Wilhelm Mundt Areit ist das halbe Leben…
The Buchmann Galerie is pleased to announce an exhibition by Wilhelm Mundt. The exhibition, titled Areit ist das halbe Leben… (Worck is just half the life...) misspelled deliberately, presents a cross-section of the current production of the German sculptor.
In his extensive body of work, Wilhelm Mundt (b. 1959, Grevenbroich) deals with distinctly sculptural themes that negotiate some of the most pressing issues of our times. In his best-known group of works – the elegant biomorphic sculptures named Trashstones – form is determined by their content. The sculptures’ interiors consist of studio waste, which the artist artfully wraps in coloured polyester, aluminium or bronze.
Thus, the end form of each Trashstone only hints at its interior content; the wrapped up waste and trash remain visible only in their determination of the final form, the works in themselves containing more in their biomorphic beauty than the eye can see. Essential components of the work – the form-giving interior, its material as well as their metaphorical content – remain hidden from view. The discrepancy between the visible, the shiny, colourful and softly modulated outer form and their interior lends these sculptures their daunting quality.
With their immediate sensual form, combining aesthetics and ethics, irony and seriousness, the sculptures, formally reminiscent of erratic boulders, address the problem of sustainability. The Trashstones can thus be read as a cryptic commentary on one of the most pressing ecological issues of today – whilst also constituting a radical development of abstract sculpture the inspiration for which can be traced to artists such as Hans Arp and Barbara Hepworth.
Since their first appearance in 1989, individual Trashstones have been numbered in three digits, with the total number of works in the series having grown to almost 800. Each Trashstone is thus embedded in a continuous series – a procedure reminiscent of serial and industrial production processes – but nonetheless, they retain a uniqueness in shape and colour.
Some of the current works in the exhibition explore, through a painterly line on the surface of the sculpture, another dimension: that is, the border between painting and sculpture. The soft form of the plastic stone is circumscribed by an endless line embedded in the surface. Like a ball of wool, a line wraps itself around the stone, invoking the question of its beginning and end. The form is also complicated by this “inscription” on the surface, which is most evident in the largest work in this exhibition, weighing a considerable 1.3 tons. This white stone is inscribed with a circular marking, the painterly-looking ductus of which is also conditioned by its production process. Once again, the artist plays with the viewer’s perception.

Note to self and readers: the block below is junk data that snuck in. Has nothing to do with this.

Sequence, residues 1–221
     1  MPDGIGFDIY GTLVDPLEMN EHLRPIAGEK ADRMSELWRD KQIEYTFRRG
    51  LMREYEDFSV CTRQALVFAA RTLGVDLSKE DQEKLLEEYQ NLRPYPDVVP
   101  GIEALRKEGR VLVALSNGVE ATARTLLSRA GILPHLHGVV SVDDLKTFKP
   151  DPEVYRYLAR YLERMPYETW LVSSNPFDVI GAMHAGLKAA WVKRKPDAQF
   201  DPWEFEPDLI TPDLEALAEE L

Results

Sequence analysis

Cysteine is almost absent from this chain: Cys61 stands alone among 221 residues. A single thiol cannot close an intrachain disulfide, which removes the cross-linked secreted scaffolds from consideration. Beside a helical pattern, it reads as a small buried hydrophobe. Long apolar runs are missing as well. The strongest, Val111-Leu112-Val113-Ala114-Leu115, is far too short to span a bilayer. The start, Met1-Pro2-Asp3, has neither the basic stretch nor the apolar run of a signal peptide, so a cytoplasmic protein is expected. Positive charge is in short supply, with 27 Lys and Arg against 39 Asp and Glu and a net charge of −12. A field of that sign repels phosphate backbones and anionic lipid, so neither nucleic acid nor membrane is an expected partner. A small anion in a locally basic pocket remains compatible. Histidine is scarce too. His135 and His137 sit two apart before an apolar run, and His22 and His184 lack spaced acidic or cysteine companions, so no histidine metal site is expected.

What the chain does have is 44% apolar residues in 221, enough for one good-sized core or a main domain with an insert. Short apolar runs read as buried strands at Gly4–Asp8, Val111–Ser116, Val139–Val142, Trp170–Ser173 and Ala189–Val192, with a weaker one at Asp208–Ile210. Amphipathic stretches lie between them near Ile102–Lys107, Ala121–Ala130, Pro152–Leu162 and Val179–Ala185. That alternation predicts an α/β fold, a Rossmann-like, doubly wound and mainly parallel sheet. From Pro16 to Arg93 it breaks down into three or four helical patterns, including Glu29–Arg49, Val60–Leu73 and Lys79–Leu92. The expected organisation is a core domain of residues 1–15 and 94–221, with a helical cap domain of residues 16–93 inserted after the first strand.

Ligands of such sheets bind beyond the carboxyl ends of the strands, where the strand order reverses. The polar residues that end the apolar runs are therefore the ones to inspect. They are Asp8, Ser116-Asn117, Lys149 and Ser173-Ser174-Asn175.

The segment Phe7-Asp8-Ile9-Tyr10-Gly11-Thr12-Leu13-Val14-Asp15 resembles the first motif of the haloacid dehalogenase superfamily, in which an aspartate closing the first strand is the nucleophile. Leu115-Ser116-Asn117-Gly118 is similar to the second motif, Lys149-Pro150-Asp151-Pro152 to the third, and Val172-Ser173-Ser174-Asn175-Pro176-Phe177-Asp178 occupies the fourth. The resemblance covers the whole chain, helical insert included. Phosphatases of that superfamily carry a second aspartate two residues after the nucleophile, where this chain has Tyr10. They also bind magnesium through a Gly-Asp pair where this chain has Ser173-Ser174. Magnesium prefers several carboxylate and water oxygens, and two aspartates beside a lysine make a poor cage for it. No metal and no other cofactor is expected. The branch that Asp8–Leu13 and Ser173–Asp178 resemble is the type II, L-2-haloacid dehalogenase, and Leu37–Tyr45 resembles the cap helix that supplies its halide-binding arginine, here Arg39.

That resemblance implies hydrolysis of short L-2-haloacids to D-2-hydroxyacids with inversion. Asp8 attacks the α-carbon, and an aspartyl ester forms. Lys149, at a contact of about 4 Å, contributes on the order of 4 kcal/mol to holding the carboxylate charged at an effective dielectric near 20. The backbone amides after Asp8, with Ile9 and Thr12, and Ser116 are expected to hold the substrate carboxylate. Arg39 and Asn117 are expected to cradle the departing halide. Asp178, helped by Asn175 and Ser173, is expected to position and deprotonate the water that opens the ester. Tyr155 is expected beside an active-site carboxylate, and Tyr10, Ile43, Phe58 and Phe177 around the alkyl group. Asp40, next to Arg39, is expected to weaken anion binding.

Another new work, a large green Trashstone enclosed in a green prison-like cage, creates a room within a room and breaks through one’s view of the object, framing the sculpture anew.
Wilhelm Mundt’s work has been shown amongst others at the Fondation Villa Datris, the Kunstmuseum Bonn, Fondation Arp Museum Bahnhof Rolandseck, Remagen, Lehmbruck Museum, Duisburg, Museum Kunstpalast, Dusseldorf and K20 Grabbeplatz, Dusseldorf. His works are in the collections of several museums and institutions, including Kunstmuseum St. Gallen, Margulies Collection Miami, Lehmbruck Museum Duisburg, University of Bayreuth, MunichRE, BNP Paribas and Vestas Aarhus.
Parallel to the exhibition at the Buchmann Galerie, the Guardini Foundation, Berlin, is showing a solo exhibition by Wilhelm Mundt, opening on 5 November.
For further information on the artist and the exhibition, as well as for images, please do not hesitate to contact the gallery.
Born 1959 in Grevenbroich. Lives and works in Rommerskirchen, Cologne and Dresden.
2009 - Professorship at University of Fine Arts, Dresden
1989 - 91 Teaching assignment at Kunstakademie Düsseldorf
|1979 - 86||Kunstakademie Düsseldorf|
|2007||Jack Goldhill Award for Sculpture, Royal Academy of Arts, London|
|1986||Scholarship Kunstfonds e.V., Bonn|
Universität St Gallen
Lehmbruck Museum, Duisburg
Museum Kunstpalast, Düsseldorf
Kunstmuseum St. Gallen
Margulies Collection, Miami
Société Générale Collection, Paris